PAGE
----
Using data on hospitals' purchases across a large number of important product categories, we find that access to information on purchasing by peer hospitals leads to reductions in the prices hospitals negotiate for supplies. These effects are concentrated among hospitals previously paying relatively high prices for brands purchased in large volumes. Evidence from coronary stents suggests that transparency allows hospitals to resolve asymmetric information problems, but savings are limited in part by the stickiness of contracts in business-to-business settings. Savings are largest for physician preference items, where high-price, high-quantity hospital-brand combinations average 3.9 percent savings, versus 1.6 percent for commodities.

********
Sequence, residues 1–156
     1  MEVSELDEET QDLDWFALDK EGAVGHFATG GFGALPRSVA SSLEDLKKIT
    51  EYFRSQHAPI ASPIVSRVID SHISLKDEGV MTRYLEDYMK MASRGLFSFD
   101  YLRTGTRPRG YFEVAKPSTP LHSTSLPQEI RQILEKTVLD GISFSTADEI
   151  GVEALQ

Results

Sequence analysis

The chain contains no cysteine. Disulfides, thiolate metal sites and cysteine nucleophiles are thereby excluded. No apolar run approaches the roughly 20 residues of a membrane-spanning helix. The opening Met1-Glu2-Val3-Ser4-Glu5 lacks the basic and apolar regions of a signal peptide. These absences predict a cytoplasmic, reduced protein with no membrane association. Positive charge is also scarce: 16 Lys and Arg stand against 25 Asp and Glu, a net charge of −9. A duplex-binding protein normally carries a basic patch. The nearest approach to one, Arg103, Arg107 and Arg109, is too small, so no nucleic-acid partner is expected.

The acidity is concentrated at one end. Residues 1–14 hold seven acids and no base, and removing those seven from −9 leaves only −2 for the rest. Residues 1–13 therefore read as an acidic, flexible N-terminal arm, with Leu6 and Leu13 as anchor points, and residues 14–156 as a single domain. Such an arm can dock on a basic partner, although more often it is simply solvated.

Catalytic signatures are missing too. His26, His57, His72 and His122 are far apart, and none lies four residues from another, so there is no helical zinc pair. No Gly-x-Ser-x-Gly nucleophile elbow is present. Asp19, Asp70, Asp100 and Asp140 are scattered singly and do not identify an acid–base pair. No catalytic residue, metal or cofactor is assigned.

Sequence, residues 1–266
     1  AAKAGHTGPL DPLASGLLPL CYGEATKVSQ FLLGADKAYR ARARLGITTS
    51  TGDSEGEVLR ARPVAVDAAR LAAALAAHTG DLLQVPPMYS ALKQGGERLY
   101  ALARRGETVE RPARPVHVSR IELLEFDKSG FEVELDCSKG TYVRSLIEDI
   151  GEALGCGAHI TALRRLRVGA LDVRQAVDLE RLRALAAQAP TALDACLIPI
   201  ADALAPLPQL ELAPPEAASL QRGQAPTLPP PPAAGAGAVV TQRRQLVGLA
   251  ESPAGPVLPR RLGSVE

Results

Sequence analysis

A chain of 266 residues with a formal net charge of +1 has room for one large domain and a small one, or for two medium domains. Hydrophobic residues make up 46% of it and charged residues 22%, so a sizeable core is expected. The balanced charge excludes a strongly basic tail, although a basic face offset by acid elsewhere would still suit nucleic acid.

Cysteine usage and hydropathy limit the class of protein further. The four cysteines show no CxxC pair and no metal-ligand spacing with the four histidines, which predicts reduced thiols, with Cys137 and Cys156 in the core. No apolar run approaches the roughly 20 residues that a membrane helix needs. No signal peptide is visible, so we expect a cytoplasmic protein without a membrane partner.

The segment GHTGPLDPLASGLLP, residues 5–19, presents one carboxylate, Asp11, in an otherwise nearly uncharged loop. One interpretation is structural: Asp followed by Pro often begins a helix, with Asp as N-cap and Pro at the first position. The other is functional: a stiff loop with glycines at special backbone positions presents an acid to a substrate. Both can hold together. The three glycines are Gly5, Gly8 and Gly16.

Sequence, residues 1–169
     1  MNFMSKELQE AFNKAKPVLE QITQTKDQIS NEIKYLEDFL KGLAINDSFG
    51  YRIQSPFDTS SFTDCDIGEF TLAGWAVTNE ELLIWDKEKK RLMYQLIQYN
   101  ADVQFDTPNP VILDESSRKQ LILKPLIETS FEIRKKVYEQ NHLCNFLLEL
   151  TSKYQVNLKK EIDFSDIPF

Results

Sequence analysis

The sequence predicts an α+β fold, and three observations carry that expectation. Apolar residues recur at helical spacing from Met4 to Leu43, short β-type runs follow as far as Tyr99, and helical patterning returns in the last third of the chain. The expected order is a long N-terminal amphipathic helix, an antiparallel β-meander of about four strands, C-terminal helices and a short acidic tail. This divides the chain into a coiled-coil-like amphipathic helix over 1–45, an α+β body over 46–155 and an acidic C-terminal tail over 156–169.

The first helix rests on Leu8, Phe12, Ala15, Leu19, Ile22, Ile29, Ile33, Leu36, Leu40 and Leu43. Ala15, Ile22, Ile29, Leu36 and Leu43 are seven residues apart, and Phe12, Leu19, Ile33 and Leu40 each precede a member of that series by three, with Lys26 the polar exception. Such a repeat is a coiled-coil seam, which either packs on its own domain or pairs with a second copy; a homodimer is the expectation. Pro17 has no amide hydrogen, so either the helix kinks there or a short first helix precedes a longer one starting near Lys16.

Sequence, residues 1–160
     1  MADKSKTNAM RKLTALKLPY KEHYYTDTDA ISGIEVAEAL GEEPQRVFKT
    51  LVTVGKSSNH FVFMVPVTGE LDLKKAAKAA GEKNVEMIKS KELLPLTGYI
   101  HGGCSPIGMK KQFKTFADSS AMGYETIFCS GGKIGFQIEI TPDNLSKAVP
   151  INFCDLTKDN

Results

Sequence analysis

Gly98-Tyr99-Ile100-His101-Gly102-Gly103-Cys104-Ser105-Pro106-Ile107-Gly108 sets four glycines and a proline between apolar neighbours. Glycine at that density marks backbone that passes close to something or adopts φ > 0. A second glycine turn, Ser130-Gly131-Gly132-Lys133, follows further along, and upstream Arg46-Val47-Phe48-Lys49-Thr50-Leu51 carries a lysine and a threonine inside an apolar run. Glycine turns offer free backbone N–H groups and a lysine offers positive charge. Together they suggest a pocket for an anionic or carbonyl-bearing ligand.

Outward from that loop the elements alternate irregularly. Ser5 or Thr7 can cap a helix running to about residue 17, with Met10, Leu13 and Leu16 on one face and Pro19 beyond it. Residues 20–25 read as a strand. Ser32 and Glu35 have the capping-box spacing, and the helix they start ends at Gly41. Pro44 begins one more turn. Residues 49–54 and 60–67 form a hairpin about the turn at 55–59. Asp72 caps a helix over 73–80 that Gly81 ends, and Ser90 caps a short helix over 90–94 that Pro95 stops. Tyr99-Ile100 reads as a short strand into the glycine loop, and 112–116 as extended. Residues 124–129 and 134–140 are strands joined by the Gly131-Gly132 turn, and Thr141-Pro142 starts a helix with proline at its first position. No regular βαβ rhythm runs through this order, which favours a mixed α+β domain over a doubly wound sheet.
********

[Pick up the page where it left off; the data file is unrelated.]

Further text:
Grennan, Matthew, and Ashley Swanson. "Transparency and Negotiated Prices: The Value of Information in Hospital-Supplier Bargaining." Journal of Political Economy (forthcoming).
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